Emotional changes

Many mothers experience emotional fluctuations and a range of fragile emotions during the first few weeks after giving birth. Statistics show that around 8% of mothers feel irritated or weepy during this period. Some women also feel confused and forgetful in this period and research has confirmed that pregnancy can lead to some amount of memory loss.  The stress of giving birth, handling the baby, and multitasking can be some of the reasons behind this state. The drastic changes in the body and in life, on the whole, do have an impact on the mind. In general, these feelings subside within 10 to 12 days after giving birth. In case emotional fragility continues, it might be necessary to seek expert help. This is also the period during which couples can support each other and work together as a family.

Recovering from a postpartum body

The three important factors that are needed for recovery are rest, good nutrition, and help as needed.


Since babies have different natural clocks than adults, it can be exhaustive for the parents to take care of them. The following steps can be taken by a mother to ensure sufficient rest.

  • In the first few weeks, you should concentrate on feeding the baby and taking care of yourself and not concentrate on any other responsibilities.
  • It is best to try to get some sleep when the baby is sleeping. This may not match with your own system but even a few minutes of rest can be helpful.
  • Minimise your movements so that you can get as much rest as needed. Keep the baby settled close to your bed so that you can take the right care without much movement.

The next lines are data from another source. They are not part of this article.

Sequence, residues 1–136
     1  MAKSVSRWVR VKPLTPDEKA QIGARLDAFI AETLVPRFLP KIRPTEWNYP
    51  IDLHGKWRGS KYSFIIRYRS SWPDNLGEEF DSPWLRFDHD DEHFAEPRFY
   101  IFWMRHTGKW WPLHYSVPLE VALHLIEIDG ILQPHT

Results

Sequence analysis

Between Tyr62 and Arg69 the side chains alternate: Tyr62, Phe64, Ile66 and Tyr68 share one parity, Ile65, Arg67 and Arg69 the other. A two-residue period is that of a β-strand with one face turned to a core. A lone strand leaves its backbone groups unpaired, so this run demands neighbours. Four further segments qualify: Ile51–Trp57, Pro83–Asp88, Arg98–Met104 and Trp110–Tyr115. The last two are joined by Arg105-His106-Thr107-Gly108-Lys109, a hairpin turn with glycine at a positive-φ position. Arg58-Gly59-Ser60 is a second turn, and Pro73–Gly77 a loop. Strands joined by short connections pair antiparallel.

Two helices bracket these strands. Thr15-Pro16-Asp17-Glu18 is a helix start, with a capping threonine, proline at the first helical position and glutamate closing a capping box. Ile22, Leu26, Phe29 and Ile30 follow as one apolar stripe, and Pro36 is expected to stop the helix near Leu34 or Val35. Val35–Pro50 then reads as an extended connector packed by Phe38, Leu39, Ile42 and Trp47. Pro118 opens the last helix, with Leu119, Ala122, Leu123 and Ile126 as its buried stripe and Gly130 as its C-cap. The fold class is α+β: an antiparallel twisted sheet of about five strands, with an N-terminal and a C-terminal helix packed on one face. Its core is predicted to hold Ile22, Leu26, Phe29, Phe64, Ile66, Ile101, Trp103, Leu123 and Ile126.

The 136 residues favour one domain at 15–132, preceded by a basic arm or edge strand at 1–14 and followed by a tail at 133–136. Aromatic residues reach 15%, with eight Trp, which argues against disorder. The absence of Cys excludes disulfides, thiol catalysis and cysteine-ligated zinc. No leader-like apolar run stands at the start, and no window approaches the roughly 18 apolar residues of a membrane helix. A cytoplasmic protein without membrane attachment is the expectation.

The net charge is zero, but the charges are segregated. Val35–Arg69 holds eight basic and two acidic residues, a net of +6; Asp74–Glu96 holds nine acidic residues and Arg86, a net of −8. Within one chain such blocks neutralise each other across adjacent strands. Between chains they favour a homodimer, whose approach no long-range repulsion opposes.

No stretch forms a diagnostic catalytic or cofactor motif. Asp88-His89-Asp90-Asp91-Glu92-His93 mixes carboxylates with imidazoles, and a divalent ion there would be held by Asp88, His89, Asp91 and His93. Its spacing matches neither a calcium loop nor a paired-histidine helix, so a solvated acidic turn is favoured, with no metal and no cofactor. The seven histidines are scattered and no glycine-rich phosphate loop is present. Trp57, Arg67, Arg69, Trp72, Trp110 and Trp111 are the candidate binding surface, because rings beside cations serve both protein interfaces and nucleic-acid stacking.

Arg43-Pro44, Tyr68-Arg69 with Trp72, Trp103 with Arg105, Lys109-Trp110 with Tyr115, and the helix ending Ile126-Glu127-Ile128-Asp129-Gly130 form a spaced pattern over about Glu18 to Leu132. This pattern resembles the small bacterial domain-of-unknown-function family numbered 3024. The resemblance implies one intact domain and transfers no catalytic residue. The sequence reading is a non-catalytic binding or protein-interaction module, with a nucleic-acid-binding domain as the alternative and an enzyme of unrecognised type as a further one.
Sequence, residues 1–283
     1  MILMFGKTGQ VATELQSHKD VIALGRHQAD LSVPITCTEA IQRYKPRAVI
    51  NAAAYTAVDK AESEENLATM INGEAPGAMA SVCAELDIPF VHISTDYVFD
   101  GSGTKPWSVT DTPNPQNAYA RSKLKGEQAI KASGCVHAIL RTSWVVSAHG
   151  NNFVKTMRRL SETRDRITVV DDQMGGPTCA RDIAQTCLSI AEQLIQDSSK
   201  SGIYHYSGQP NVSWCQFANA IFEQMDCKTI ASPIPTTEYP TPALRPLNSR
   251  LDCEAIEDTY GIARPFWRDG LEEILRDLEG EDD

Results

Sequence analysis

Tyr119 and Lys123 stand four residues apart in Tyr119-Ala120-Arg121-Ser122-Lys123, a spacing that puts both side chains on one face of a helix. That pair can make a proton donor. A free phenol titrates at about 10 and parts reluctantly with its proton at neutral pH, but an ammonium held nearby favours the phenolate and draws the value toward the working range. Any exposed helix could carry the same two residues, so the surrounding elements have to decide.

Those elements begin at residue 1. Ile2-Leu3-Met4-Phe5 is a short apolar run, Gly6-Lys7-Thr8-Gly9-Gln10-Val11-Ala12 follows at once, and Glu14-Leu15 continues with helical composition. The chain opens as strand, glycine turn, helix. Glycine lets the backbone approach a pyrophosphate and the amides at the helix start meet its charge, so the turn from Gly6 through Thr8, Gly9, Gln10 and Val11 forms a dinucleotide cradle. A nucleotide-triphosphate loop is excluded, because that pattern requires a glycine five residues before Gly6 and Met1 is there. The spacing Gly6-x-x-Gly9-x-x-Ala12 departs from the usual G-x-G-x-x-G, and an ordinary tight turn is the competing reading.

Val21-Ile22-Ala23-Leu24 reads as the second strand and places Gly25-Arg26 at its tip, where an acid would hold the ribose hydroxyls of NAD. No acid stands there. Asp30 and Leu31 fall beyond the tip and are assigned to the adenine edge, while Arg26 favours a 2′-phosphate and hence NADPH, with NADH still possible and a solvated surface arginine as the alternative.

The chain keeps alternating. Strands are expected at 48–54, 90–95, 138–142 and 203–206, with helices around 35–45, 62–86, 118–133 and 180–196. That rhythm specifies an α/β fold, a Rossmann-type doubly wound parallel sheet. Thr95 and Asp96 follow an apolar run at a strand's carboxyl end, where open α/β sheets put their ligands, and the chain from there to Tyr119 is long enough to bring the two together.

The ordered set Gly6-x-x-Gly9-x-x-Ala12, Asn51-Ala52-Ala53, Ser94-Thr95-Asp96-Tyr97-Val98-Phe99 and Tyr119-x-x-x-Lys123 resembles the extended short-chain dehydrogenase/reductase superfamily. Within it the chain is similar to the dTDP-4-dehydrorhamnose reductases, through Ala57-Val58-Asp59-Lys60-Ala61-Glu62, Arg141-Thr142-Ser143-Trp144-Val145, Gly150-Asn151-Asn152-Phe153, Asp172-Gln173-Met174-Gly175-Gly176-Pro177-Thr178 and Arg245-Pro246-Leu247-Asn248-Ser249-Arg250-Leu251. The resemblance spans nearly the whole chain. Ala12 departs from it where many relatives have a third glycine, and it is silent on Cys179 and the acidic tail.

• It is best not to handle social or professional pressure during this period and divide your time between the baby and yourself.
  • Head outside to feel the sun and the breeze and walk around as much as possible. The postpartum exercises can be started as directed by the physician.

Good nutrition

It is important to follow a simple and healthy diet plan that will help in the recovery process. The best food items that can be chosen include grains and vegetables. Whole wheat, brown rice, and oatmeal can be an ideal choice as grains and dark green, red and starchy vegetables can be added. Other than that, fresh fruits that deliver a lot of nutrients and fibre are also a good choice. When it comes to dairy products, fat-free or low-fat products that are rich in calcium are a good choice. The consumption of protein is to be limited and low-fat or lean meats are the best choice. Healthy fats should also be a part of the diet.


Since handling the baby can consume a lot of time and energy for parents, external help can be taken to deal with the various household responsibilities. In this way, you can focus on the baby instead of other tasks. The help can come from family members or a paid home care provider. It is important to communicate properly with the helpers so that your fragile emotional state does not create any sort of misunderstanding.

Embracing the postpartum body

Postpartum body careEmbracing the postpartum body is the first step any woman can take to get back to the right level of fitness. Note that the changes in the body are normal and it will get back to shape with the right steps. It is also important that during the postpartum period, you should focus on recovering and staying healthy rather than weight loss and getting back to shape. Trying to achieve too much too soon can lead to adverse side effects and hence dedication and patience are the keys that are to be followed. Apart from the right amount of rest, following the correct form of exercise that does not stress the body is also an important step in the postpartum period. Make sure that you communicate with the doctor in case of any concerns regarding the baby or the overall healing process.


Some women may experience loneliness, anxiety, mood swings, and restlessness after the baby’s birth. This is known as “baby blues”. However, if your mental health is getting worse and you are feeling an increased sense of helplessness, depression, or anxiety, it may indicate postpartum depression. You must consult a doctor immediately.
Yes, it is normal to feel cramps after the baby’s birth. It happens as the uterus contracts and tries to return to its pre-pregnancy size. The cramping lasts for a few days.
Your stomach and uterus may take time to shrink and go back to their pre-pregnancy size. Your body may get back to normal size within a few weeks or may take a few months.